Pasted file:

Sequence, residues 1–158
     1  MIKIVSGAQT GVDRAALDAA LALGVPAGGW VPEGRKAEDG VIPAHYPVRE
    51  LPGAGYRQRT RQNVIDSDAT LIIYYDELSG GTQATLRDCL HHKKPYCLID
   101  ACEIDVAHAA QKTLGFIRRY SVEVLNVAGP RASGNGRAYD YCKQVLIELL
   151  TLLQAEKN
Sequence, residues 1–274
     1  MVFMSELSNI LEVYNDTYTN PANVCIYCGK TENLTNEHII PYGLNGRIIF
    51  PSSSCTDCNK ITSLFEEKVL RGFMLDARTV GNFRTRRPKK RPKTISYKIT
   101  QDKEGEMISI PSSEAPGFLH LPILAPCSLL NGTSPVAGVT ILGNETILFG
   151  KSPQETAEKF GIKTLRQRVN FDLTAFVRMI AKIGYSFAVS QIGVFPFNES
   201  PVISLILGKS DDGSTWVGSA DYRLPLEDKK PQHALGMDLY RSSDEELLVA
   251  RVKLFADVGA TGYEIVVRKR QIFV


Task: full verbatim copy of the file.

Sequence, residues 1–158
     1  MIKIVSGAQT GVDRAALDAA LALGVPAGGW VPEGRKAEDG VIPAHYPVRE
    51  LPGAGYRQRT RQNVIDSDAT LIIYYDELSG GTQATLRDCL HHKKPYCLID
   101  ACEIDVAHAA QKTLGFIRRY SVEVLNVAGP RASGNGRAYD YCKQVLIELL
   151  TLLQAEKN
Sequence, residues 1–274
     1  MVFMSELSNI LEVYNDTYTN PANVCIYCGK TENLTNEHII PYGLNGRIIF
    51  PSSSCTDCNK ITSLFEEKVL RGFMLDARTV GNFRTRRPKK RPKTISYKIT
   101  QDKEGEMISI PSSEAPGFLH LPILAPCSLL NGTSPVAGVT ILGNETILFG
   151  KSPQETAEKF GIKTLRQRVN FDLTAFVRMI AKIGYSFAVS QIGVFPFNES
   201  PVISLILGKS DDGSTWVGSA DYRLPLEDKK PQHALGMDLY RSSDEELLVA
   251  RVKLFADVGA TGYEIVVRKR QIFV